1. DuckDuckGo - this is the more privacy-centric alternative. I’ve been using DDG for a while now, and haven’t really needed to switch back to Google. One of the main issues with alternatives that I’ve found is trying to find very technical solutions websites; this is where others struggled and Google thrives. This hasn’t been an issue for DDG, so give it a go!

  2. Ecosia - this one isn’t for everyone, but each time you search, a portion of the ad revenue generated actually goes towards planting trees! It’s still in it’s infancy phase, and has a lot of growing to do, but it is a great option for those that want to actively be more sustainable.

Update all of the thing ✨

You know that update window that keeps popping up, and you keep saying “Try my tomorrow”? Well today’s the day. You’re going to commit to updating all of your devices.

Pretty much every update you will get will include some form of component to it that is centred on creating a more secure environment for you to operate on.

Not that long ago, we saw the devastating impact on the WannaCry virus, and all of its spinoffs. The vulnerability was actually already addressed in a Microsoft Windows update - the only computers that were vulnerable to such an attack were those that didn’t have the update!

This wasn’t the first, and definitely will not be the last large scale ransomeware attack we will see. As we become more and more digital citizens, we are more reliant on the tools and services that being so affords us. So please, backup your important documents; to the cloud, and if they’re sensitive and/or very important, to offline storage as well, and make sure that everything is up-to-date!

Ok, now we more into the more involved solutions.

These take a little bit more effort and time, but please believe me - they are becoming increasingly important; and I’ll tell you why.

Password Managers! 🗂

I will be straight with you - they are a bit of a pain to setup, but you will never need to remember a password EVER AGAIN.. well, maybe just one.

I like to think I’m quite savvy when it comes to the ‘run of the mill’ cyber attacks, but this year I found out the hard way that some of my passwords had been compromised due to one of the services I use being hacked and my credentials leaked.

This lead me to go on a frenzy of deleting unused accounts, rapidly changing passwords to be 20 characters long and all different. However, how the hell was I going to manage all of these password? Enter, the password manager.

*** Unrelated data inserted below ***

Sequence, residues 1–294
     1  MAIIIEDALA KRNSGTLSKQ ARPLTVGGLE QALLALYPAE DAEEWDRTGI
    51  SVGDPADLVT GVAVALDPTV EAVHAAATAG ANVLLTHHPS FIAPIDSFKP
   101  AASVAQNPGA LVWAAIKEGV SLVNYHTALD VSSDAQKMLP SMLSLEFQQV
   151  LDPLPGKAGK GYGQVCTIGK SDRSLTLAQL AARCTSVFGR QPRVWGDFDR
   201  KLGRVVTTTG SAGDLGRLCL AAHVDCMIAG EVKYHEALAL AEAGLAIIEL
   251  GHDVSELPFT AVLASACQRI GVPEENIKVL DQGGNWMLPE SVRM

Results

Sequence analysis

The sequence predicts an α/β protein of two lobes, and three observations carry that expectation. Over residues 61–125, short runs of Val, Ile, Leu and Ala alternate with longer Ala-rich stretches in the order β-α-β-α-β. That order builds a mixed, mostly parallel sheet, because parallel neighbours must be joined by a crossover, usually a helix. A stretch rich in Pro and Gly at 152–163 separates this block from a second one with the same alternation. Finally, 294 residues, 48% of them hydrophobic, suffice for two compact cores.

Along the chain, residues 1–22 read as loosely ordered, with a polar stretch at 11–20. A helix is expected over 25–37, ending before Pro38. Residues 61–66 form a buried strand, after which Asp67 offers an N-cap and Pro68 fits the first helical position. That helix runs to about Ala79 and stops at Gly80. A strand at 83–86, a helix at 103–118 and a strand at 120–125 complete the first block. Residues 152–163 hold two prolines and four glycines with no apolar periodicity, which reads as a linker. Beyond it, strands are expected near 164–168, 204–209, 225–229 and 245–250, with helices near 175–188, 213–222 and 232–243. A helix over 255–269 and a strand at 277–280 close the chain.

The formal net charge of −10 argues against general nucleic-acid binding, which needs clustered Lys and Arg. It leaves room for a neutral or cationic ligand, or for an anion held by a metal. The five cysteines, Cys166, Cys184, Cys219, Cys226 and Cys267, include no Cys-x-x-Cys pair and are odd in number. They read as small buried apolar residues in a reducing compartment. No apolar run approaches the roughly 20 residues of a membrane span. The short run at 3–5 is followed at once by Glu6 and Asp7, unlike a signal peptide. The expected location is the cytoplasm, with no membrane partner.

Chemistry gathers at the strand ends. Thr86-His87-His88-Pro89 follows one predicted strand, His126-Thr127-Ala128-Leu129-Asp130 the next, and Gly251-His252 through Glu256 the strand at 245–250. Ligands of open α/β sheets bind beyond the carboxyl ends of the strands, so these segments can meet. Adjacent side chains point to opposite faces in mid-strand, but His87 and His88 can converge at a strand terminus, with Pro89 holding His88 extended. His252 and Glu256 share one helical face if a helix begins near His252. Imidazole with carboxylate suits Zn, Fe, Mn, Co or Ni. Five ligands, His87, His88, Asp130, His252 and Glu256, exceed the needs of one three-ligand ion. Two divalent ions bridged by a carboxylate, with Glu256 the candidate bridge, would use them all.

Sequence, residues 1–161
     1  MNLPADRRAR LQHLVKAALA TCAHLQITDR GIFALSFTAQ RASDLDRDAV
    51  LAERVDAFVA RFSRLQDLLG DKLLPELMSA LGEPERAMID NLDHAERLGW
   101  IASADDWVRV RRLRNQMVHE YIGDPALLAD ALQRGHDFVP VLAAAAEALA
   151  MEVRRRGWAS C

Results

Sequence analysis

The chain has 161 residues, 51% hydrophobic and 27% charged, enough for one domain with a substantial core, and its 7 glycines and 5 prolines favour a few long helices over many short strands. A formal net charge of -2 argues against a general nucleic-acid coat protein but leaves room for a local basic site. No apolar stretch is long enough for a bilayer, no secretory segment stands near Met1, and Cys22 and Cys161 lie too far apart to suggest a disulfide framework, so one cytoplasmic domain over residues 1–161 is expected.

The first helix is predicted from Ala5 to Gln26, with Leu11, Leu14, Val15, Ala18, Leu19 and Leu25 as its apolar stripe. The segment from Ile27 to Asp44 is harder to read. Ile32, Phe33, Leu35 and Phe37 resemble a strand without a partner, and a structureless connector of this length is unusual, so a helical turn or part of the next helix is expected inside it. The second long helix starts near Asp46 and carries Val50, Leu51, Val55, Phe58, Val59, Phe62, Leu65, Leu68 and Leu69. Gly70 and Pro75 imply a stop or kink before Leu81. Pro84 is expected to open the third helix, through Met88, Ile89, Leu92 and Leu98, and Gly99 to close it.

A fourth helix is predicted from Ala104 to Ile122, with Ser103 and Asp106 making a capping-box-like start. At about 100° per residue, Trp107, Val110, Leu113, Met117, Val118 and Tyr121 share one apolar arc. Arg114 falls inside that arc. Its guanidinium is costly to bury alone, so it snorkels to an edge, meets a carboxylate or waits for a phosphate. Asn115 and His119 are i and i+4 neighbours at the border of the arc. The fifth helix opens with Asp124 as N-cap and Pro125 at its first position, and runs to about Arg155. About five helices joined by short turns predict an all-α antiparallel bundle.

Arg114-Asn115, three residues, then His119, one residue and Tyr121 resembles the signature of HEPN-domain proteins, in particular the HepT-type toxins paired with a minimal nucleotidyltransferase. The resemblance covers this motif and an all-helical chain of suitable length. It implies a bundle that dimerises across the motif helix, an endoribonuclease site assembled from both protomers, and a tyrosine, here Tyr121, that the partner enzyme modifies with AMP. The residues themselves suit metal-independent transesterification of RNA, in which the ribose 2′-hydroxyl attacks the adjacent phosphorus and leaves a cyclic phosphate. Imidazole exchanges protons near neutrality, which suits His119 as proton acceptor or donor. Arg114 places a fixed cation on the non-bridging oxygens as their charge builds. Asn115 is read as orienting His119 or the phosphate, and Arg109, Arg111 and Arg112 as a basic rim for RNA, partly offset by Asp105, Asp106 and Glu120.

I’ve tried a few over the last couple of years, but the one that I was with the longest, Dashlane, never really made me want to use it. It was cumbersome, obstructive and overall quite unintuitive to use. (However, from what I hear, they’ve done some good work addressing these issues now)

I decided to try 1Password on the referral from a friend, and let me tell you - best cyber-security based decision I’ve made. I only need to remember one password, at it does the rest. Autofill for logins, delivery details, forms, all of it!

And best of all, no two passwords are the same. So the next time a service that I use gets hacked and they leak peoples credentials, the only thing I need to worry about is updating one password!

Use a VPN ☁️

This is simple - protect your internet traffic. If you haven’t already been bombarded with NordVPN ads on YouTube… how?!

Especially if you are using public WiFi, please consider using something that will stop hackers intercepting your details. Just because you haven’t typed your password or banking details doesn’t mean that it isn’t being sent over the network. You’d be surprised what actually gets passed between your phone and services.

“If you have nothing to hide, you have nothing to fear”

As promised, a list of readings if you are interested in this topic.

Sydney Criminal Laywers - The Fallacy of ‘You Have Nothing to Fear if You Have Nothing to Hide’